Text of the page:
Stonebrook Cochins and Eric Milton strive to develop top-quality birds
A trip to the local farm supply store prompted Eric Milton to get eight chicks. He had more space at his new home, but no experience with the birds. He hoped for the best and gave it a try.
Eight years later, Eric is still in the poultry business, specializing in show-quality Cochins.
“I really like the color and variety,” he said. “For me, when I start a project, I shut everything else out. There was a lot of trial and error. I bought some genetics and poultry keeping books, and found a group of people willing to answer questions.”
At Stonebrook Cochins in Ozark, Mo., the main focus is on Brown-Red, Lemon-Blue, Birchen, Silver-Blue Cochins, and splash and sporting variations. There are only a handful of producers around the country breeding for the splash patterns.
“The splash only has value in Cochin breeding,” Eric explained. “I have to be careful because people don’t realize you can’t just breed that to anything; it has to be Birchen. It’s basically about the blue genes. The Brown-Red and the Birchen are on a black base; one has a red overlay and the other has a silver overlay. If you add a blue gene to that mix, it turns the black base blue. If you add two black genes, then it’s a sport or splash. It’s all based on the number of black genes they have.”
A traveling nurse, Eric said the science of poultry genetics appeals to him.
“I have always been a little fascinated by genetics. I’m by no means super good at it, but I’m interested to know if I put this and this together, and I can see the phonotype, but I’m getting something different, then why am I getting something different? Why did it happen?”
Focusing on overall quality and pattern, Eric is selective which hen and rooster are paired for breeding.
“I try to keep no more than two males from each variety through the winter,” Eric explained. “Trying to go through all of those, it has to come down to which one has the best overall shape, then to the color. My line is pretty well established, so those come right along with it, but you have to be careful.”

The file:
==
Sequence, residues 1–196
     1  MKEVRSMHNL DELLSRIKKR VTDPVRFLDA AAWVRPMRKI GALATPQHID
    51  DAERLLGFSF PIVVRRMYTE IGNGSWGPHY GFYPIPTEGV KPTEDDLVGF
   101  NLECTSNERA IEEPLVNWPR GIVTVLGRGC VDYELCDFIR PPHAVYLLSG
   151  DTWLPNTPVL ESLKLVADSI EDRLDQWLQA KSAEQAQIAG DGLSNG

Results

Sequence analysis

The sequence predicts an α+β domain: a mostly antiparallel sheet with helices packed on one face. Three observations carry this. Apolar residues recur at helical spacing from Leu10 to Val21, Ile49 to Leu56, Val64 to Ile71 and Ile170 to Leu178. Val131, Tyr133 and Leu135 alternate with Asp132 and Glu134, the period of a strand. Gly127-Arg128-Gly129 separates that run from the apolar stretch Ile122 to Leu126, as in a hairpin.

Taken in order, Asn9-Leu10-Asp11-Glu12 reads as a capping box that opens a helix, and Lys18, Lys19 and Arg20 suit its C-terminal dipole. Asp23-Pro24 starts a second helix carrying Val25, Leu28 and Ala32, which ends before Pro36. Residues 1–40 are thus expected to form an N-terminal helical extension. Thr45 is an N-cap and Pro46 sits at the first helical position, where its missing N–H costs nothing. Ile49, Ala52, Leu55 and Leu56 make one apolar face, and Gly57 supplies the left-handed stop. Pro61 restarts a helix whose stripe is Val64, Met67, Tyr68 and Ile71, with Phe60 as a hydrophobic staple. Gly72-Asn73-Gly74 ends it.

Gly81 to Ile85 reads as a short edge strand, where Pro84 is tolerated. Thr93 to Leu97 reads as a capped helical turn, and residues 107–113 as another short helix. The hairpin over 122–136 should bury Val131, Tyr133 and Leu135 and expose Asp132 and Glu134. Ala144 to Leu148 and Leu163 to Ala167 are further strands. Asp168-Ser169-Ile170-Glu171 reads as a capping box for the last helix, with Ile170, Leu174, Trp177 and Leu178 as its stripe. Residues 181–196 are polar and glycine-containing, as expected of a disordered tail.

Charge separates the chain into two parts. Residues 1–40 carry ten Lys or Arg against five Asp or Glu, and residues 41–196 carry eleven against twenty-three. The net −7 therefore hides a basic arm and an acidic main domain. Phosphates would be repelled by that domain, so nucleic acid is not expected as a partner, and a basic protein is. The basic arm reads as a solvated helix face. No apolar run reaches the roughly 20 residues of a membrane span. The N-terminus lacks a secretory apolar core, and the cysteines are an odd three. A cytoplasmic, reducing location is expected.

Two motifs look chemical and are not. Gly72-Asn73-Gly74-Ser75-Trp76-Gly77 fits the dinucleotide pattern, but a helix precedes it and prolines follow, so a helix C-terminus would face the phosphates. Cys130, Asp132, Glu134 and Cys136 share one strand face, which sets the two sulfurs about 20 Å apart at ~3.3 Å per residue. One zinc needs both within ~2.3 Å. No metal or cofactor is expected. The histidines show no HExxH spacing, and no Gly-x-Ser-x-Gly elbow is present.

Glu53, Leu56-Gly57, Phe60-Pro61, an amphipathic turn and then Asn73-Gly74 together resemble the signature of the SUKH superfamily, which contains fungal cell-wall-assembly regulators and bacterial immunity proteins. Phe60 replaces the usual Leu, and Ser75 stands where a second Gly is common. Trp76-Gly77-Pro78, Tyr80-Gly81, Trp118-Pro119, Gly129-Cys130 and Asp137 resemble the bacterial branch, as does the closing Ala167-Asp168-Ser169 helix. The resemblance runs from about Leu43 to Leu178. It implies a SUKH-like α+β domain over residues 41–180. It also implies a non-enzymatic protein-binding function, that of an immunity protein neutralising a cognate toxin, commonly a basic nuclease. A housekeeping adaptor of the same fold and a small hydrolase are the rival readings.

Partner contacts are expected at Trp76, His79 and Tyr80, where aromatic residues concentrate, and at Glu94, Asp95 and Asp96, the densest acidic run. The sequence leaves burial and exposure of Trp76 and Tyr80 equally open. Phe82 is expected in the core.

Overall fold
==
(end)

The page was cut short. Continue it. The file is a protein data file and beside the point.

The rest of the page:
Eric hopes to have a closed flock, but the need for outside genetics causes him to look outside his birds, and those new genetics can have a hefty price tag.
“It’s not been tough to find stock, but it has been expensive,” Eric said. “There was one year I needed Lemon-Blue stock, and no one had Lemon-Blues. I ended up going to an online auction for eggs. I told myself not to buy those dadgum eggs because it never works out. I bought the eggs and only two of them hatched; it was an expensive gamble.”
Sticking with breeders who have standards similar to his own is Eric’s first choice for breeding stock.
“They tend to focus on production the same way I do,” Eric said. “I have a little different standard for my birds because there is the U.S. standard and the non-U.S. There are Australian standards, then the U.K. standards. Poultry genetics is more complex than human genetics. If I had the time and money, I would import birds from Australia because I like that type of bird. It takes seven generations to breed out a trait or lock it in.”
Eric explained the Australian lines are a rounder, fuller bird, a trait he wants to improve in his flock
“Australia has many more years of doing this with these types of birds,” he added. “Some people would disagree because that’s not the standard here, but I think it would only help our standard. Using those genetics will embellish what we need here. There’s no way, however, to get the perfect bird; a bird with the perfect pattern and perfect shape. I have some really great-shaped birds with no pattern, and then I’ve hatched birds with the perfect pattern and no shape. That’s why improving with new genetics is so important. If you want to lock in a trait, you can do that, but how are you breeding for vigor if you aren’t bringing in other lines? When you get into this line, so many breeders have shared birds and that it makes it difficult to get new genetics.”